Hillsborough victims’ families celebrate jury ruling – ESPN FC

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The 96 fans who died at Hillsborough in 1989 were unlawfully killed, the jury in the inquest into Britain’s worst sporting disaster has concluded.

Families of the 96 Liverpool fans who died in the Hillsborough disaster declared that justice had finally been done as an inquest jury ruled the victims had been unlawfully killed in a tragedy caused by police errors.

Lawyers acting for the families said the conclusions, at the end of the longest jury case in British legal history, had completely vindicated their tireless 27-year battle for the truth.

The Hillsborough disaster unfolded during Liverpool’s FA Cup tie against Nottingham Forest on April 15, 1989, as thousands of fans were crushed at Sheffield Wednesday’s ground.

The 96 deaths were ruled accidental at the end of the original 1991 inquest, but those verdicts were quashed following the 2012 Hillsborough Independent Panel report, which concluded that a major cover-up had taken place in an effort by police and others to avoid the blame for what happened.

After a jury ruled on Tuesday that the deaths were unlawful, leading Hillsborough campaigner Margaret Aspinall, whose 18-year-old son James died in the disaster, said: “Let’s be honest about this — people were against us.

“We had the media against us, as well as the establishment. Everything was against us. The only people that weren’t against us was our own city. That’s why I am so grateful to my city and so proud of my city. They always believed in us.”

Hillsborough campaigner Margaret Aspinall lost her 18-year-old son in the 1989 disaster.

Surrounded by a sea of camera crews and reporters outside the court, she added: “I think we have changed a part of history now — I think that’s the legacy the 96 have left.”

Trevor Hicks, president of the Hillsborough Family Support Group, lost daughters Sarah and Victoria in the tragedy.

Asked what his daughters would think of his long campaign for justice, he told ITV: “They’d probably think I’m a bit of a silly old fool.

“I like to think that I’ve done my best for them in the event. I’d like to think, well, I’ll say proud. It’s a bit cheeky to say that but I’d like to think that I’ve done my best to make them proud.”

The decision was also welcomed by former Liverpool players as well as politicians.

John Aldridge, who was in the Liverpool team at Hillsborough, wrote: “Fantastic to see the reaction of the families outside the court! Very emotional as well.

“The truth is out AT LAST. Take note all the doubters!!”

Former Liverpool captain Jamie Carragher tweeted: “Justice finally. #JFT96.”

Ex-Reds boss Rafa Benitez said: “Finally justice!!!! #Hillsborough”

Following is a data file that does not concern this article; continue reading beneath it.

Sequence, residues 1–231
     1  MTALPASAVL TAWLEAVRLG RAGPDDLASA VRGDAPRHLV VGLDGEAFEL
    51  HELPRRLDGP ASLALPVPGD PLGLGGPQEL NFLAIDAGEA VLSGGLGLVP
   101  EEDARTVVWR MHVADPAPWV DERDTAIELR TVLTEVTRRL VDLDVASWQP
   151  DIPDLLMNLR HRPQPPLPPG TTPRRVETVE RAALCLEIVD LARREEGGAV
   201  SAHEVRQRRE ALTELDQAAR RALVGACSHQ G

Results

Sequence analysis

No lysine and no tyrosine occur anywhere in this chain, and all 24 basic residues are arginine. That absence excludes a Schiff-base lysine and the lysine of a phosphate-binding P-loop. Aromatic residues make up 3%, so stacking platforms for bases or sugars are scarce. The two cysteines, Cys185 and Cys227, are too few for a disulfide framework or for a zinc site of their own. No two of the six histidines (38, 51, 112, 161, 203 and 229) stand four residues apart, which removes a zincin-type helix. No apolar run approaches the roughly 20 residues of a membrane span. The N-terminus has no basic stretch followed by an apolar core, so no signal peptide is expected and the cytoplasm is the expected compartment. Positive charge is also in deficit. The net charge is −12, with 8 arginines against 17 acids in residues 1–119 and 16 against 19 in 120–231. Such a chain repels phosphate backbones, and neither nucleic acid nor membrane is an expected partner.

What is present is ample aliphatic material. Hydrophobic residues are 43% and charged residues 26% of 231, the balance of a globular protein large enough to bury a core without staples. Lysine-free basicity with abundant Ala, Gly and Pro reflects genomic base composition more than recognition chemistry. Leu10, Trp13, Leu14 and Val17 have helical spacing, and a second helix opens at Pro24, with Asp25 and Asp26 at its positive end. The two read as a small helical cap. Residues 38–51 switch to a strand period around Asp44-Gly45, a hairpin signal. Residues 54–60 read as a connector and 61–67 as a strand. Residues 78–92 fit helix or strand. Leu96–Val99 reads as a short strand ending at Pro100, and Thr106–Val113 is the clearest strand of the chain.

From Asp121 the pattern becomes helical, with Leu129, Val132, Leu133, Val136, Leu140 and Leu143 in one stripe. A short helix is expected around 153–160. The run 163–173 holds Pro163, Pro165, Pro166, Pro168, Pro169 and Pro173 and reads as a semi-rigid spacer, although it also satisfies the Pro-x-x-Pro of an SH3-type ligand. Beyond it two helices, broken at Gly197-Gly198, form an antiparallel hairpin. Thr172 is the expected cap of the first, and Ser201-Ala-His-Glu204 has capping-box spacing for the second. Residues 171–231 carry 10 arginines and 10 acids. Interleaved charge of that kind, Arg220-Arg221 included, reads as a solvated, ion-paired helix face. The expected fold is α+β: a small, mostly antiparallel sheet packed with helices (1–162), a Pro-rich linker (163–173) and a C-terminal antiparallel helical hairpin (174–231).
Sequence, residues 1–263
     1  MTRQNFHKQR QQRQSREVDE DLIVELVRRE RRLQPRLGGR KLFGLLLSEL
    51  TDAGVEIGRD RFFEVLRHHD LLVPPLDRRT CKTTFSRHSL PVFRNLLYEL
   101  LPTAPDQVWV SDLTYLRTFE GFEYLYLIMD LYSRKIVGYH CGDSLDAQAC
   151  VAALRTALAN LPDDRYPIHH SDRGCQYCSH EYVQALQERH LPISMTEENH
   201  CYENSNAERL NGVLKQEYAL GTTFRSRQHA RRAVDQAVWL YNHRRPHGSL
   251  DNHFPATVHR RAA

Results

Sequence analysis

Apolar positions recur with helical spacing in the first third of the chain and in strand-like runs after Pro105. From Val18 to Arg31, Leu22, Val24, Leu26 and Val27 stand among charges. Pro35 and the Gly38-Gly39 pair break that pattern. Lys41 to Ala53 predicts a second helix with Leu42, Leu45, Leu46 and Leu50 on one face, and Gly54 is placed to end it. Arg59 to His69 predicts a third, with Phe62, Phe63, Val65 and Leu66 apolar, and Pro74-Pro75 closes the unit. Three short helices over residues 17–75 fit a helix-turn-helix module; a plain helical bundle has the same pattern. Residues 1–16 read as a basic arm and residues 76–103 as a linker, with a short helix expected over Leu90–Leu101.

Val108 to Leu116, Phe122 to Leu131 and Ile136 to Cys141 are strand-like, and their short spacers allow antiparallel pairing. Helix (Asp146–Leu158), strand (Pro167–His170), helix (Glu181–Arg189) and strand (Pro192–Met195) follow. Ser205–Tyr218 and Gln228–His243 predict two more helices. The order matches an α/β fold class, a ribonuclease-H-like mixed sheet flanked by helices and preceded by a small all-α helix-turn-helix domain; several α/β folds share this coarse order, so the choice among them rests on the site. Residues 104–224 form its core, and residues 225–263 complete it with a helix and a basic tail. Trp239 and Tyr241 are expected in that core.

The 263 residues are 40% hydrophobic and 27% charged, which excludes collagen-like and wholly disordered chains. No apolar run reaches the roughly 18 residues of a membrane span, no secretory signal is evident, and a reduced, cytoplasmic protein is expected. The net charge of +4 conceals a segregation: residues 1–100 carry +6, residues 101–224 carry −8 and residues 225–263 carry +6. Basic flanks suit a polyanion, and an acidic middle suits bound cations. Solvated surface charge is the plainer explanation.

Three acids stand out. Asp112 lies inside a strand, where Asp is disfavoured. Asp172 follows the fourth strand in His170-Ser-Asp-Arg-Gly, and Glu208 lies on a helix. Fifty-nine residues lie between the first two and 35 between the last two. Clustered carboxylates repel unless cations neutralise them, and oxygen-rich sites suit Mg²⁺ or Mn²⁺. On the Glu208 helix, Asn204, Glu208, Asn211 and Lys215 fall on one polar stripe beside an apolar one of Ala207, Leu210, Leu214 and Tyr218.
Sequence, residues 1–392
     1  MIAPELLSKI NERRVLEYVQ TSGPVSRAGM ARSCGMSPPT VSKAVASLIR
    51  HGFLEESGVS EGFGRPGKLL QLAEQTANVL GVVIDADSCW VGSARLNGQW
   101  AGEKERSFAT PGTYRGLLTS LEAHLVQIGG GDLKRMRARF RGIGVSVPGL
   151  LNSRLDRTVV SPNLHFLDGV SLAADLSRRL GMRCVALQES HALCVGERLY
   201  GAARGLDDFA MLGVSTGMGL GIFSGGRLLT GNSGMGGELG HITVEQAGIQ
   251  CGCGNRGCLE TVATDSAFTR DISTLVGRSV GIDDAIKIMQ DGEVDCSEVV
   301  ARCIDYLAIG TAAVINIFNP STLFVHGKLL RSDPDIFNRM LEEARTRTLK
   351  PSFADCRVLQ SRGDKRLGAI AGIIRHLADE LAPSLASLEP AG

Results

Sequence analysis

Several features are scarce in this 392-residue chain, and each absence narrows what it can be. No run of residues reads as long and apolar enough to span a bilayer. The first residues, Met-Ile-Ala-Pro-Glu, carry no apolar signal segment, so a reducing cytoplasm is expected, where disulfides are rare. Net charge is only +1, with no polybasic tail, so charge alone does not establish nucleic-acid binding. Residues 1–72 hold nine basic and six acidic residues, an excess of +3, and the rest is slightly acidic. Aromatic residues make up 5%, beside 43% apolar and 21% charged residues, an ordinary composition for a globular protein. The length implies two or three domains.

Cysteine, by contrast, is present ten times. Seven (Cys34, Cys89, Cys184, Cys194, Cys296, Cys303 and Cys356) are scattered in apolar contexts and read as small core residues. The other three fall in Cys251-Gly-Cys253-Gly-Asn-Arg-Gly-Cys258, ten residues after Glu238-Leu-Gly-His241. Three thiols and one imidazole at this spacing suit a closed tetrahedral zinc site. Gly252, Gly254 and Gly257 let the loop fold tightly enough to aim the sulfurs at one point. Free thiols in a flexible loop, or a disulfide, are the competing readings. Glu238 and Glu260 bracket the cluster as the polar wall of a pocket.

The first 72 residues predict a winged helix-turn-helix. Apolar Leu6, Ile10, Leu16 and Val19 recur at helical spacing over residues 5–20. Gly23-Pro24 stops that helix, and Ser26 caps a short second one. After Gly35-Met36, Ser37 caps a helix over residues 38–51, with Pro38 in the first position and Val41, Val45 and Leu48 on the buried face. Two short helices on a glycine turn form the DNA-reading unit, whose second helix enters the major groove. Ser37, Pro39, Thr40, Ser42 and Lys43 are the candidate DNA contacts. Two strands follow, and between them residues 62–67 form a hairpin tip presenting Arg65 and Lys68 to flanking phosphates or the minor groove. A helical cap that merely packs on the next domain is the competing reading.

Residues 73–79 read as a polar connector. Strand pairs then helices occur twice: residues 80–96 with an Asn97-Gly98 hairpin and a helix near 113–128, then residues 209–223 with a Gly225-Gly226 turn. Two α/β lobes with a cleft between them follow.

Kenny Dalglish was Liverpool manager at the time of the incident and has been a prominent supporter of the families.

His daughter, sports broadcaster Kelly Cates, posted on Twitter: “The 96 people who were unlawfully killed, the traumatised survivors. It was not your fault. It never was. And we knew that. #TheTruth”

His son, Ottawa Fury head coach Paul Dalglish, added: “One Club. One Voice. Justice for the 96. YNWA.”

Labour MP Andy Burnham, who has supported the campaign, said: “This has been the greatest miscarriage of justice of our times. But, finally, it is over.”

UK Prime Minister David Cameron, who had apologised to the families after the 2012 report, wrote on Twitter: “Landmark day as the #Hillsborough inquest provides long overdue justice for the 96 Liverpool fans who died in the disaster.

“I would like to pay tribute to the extraordinary courage of #Hillsborough campaigners in their long search for the truth.”

On Tuesday, the new jury concluded that blunders by the police and ambulance service on the day had “caused or contributed” to the disaster and that the victims had been unlawfully killed.

The jury forewoman wiped away tears and had a catch in her voice as she confirmed the answers to 14 questions about the disaster to coroner Sir John Goldring.

After the key conclusions were delivered on Tuesday, someone in court shouted: “God bless the jury.”

The jurors were given a round of applause as they left the courtroom.

As relatives of the victims left the building they were met with applause from crowds who had gathered outside the court in support.

The families hugged each other and broke down in tears after emerging from the court.

Trevor Hicks, whose daughters Sarah and Victoria died in the Hillsborough disaster, gives a thumbs up after the verdict.

One man shouted “Justice” while two men held up a red scarf that also read “Justice.”

Others made emotional phone calls to loved ones. Two women jumped up and down overcome with emotion as they embraced.

Many began singing Liverpool’s anthem “You’ll Never Walk Alone.”

Criminal investigations into the disaster and claims of corruption in its aftermath could finish by the end of the year, when prosecutors will decide whether to charge any individual or organisation.

The officer leading the police inquiry, Assistant Commissioner Jon Stoddart, said: “Now that the inquests have concluded, my sole focus is on completing the criminal investigation which I expect will be finished by the turn of the year.

“It will then be for the Crown Prosecution Service to consider the evidence and decide whether any individual or organisation should face criminal prosecution.”

The Independent Police Complaints Commission, the official police watchdog, also expects its investigation — the biggest in its history — to finish in December or January.

Hillsborough victims’ families celebrate jury ruling – ESPN FC